There’s nothing like fresh sea food and our Belizean bounty is something to savor with every bite. However, the careful management of our marine resources is essential to the sustainability of two quintessential Caribbean delicacies; lobster and conch.
Responsible tourism means being “in the know” when it comes to dining out or purchasing product from a local fisherman. If you are offered lobster or conch when it is out of season, your refusal to purchase it helps to discourage illegal fishing while ensuring productive harvests in the future. This time of year marks important season dates, with lobster season opening on June 15th and conch season closing on July 1st.
During the closed conch fishing season, everyone is reminded that no person or establishment shall have in possession any conch in accordance with Laws of Belize regulations. The season is set to re-open on October 1, 2018, and during that time, the public is advised that the Queen Conch shell should exceed seven inches in length, and that establishments should not have diced conch meat in their possession. For conch flesh that has been processed as market clean, the weight should exceed three ounces, while filleted flesh which is completely processed white meat should exceed 2.75 ounces. Failure to follow these regulations, whether it pertains to illegal harvesting of conch or possessing undersized conch, will be subjected to penalties under the Fisheries Act.
Lobster lovers can enjoy the tasty crustacean from now until February 14, 2019, when the season closes for four months. During this open season there are still some regulations in place, with no person allowed to remove from the waters of Belize or buy, sell or have in his possession lobster with a cape length less than three inches or tail weight less than four ounces, or fillet or diced lobster tail meat, except under a special permit issued by the Fisheries Administrator. Any person who contravenes any of the provisions of the Fisheries Act commits an offense shall be liable on summary convictions as stipulated in the Fisheries Act. During the closed season, no traps are to be set, and no one should consume lobster products. If someone is caught in possession of lobster during this time, that person can be charged a fine or even possibly face jail time, with penalties starting from $500 dollars or up to two years imprisonment.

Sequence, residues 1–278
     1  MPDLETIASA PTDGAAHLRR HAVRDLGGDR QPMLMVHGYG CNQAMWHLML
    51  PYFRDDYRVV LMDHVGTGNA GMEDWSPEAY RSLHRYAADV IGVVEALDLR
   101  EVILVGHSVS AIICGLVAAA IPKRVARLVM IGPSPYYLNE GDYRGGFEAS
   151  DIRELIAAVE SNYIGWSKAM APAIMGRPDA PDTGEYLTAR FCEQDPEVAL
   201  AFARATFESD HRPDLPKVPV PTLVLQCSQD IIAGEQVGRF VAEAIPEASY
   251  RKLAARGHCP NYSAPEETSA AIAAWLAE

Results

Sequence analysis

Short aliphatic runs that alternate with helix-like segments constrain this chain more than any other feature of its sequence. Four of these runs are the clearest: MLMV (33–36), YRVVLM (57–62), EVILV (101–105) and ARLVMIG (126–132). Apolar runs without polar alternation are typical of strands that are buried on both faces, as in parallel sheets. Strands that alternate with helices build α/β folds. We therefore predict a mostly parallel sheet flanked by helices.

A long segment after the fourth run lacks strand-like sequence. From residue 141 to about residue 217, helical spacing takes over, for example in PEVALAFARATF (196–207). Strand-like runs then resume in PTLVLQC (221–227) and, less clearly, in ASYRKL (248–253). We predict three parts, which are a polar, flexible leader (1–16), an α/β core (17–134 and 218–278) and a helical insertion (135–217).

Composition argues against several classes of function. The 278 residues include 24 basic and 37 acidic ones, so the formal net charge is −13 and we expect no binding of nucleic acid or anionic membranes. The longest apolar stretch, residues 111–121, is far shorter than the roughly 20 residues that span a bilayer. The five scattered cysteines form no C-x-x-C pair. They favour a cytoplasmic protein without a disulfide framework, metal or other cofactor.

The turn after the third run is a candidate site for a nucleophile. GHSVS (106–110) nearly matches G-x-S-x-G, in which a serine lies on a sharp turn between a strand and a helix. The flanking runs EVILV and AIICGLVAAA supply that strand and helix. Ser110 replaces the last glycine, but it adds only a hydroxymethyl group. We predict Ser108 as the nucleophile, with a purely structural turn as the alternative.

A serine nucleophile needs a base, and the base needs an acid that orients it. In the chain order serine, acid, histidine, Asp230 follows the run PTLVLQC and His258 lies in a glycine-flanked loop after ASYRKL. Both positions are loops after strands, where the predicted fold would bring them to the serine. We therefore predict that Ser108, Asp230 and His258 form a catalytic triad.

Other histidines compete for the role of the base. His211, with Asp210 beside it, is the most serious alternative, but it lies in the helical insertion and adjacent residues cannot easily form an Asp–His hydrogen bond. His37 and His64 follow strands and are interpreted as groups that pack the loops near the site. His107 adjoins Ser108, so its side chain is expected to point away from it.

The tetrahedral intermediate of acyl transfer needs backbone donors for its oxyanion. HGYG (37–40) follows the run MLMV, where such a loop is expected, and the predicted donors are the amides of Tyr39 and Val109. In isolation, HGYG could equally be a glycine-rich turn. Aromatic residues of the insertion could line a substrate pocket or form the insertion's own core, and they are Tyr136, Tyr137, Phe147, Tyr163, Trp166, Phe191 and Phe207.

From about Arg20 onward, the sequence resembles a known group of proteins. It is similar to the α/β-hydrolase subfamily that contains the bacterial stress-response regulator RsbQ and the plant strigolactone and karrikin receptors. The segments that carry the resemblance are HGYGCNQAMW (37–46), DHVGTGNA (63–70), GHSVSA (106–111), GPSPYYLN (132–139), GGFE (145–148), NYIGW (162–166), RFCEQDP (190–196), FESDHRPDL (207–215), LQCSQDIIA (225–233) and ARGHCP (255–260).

Closed seasons coincide with reproductive seasons and are a critical time for populations to recuperate strengthen and recover. Without this protection, these populations would most certainly disappear within our area, not only having a detrimental effect on our marine ecosystem but diminishing the livelihood of local fisherfolk and culinary tourism. We thank you for doing your part in assuring the sustainable management of these important and tasty marine creatures by adhering to seasonal eating!